Help needed with my Huky 500

Discuss roast levels and profiles for espresso, equipment for roasting coffee.
Talyn
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#1: Post by Talyn »

So I am almost at 350 roasts on my Huky 500. I have regularly greased the bearings every 50 roasts. But of late I have taken to allowing the drum to continue to rotate between roasts to keep the drum a more even temperature. I used to turn it off between roasts.

Today I had been roasting for about 4 hours when I dropped my Brazil and the drum stopped spinning. I could still hear the motor but the drum stopped spinning. I shut it down straight away, dumped my beans and let it all cool down. After it had cooled, I was able to get the drum spinning again but it was sluggish to start spinning and I have not tested it with the weight of the green beans in the drum yet.

Has anyone had this happen to them?

Do I need to look at replacing the bearings or the motor?

Are there any good ideas as to how to effectively grease the bearings on the back by the motor? I do grease them and the front ones. But the rear ones are hard to get to due to the angle (I have been using the syringe of lubricant that Showroom Coffee provided with their package.

Also, any best suggestions as to how long I should go before giving the poor thing a break?

I thank you all in advance for any assistance or advice. :D

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Chert
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#2: Post by Chert »

I'm on 2500+ roasts and I use an 18 volt power supply . I keep a couple spare 24 V power supply just in case. Every now and then mid roast the drum stops spinning. I switch it off and swtich it on again. I may have ever needed to flip the switch more than once, but I can't recall. It has always started to spin again. In my case I have assumed somehow a bean jams the spin and it falls away from obstruction the rotation, but I haven't had to cancel a roast for it. Once the propane burner is lit, I always keep the drum spinning until I finish cool down after session (usually 5-8 batches.)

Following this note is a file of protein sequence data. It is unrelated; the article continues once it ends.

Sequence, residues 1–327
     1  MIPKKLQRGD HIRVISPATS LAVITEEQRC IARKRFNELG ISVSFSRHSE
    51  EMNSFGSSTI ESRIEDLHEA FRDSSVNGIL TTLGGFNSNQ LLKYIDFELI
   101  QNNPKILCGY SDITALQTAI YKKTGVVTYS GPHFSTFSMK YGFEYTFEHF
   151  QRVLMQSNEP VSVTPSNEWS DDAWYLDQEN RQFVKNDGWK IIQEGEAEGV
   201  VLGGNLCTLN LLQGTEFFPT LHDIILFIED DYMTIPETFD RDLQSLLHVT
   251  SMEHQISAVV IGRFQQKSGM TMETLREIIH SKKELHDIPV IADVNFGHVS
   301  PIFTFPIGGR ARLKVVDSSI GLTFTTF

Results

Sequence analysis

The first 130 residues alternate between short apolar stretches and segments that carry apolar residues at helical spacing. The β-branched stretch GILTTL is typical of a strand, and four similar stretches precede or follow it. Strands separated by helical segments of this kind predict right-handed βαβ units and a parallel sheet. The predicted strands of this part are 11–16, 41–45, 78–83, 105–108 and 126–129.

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Marcelnl
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#3: Post by Marcelnl »

did you uncouple the motor to see if it;s the motor, the power supply OR the bearing that is causing the symptoms?

I replaced the front bearing a year or so ago, it had coffee oil caked into it and screamed like hell, the previous owner was no believer in cleaning the oils and likely also not a believer in greasing. Anyhow, it's a ceramic bearing that can be a bit of a PITA to remove, just be prepared to break it in pieces.

The back bearing is somehow much less prone to pollution and I must admit I never grease that one either.
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Brewzologist
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#4: Post by Brewzologist »

When it stopped spinning did the motor make a different sounding noise like it was jammed up?

I've done hundreds of roasts on my Huky for 6+ years and always leave the drum on until all my batches are done for the session.

About once a year I break it down to clean and inspect things and re-grease the bearings. Haven't had to replace anything yet.

I'm with Flint that it was mostly likely a bean that jammed between the drum and faceplate.

But it would also be worth removing the cover and running the motor to make sure the drum itself isn't binding on the faceplate. The spacer rods that the front and back faceplates are attached too can get misaligned so they aren't square to the drum which can create a binding situation especially when the drum is warm and expands. Usually loosening and tightening the spacer rods will fix that.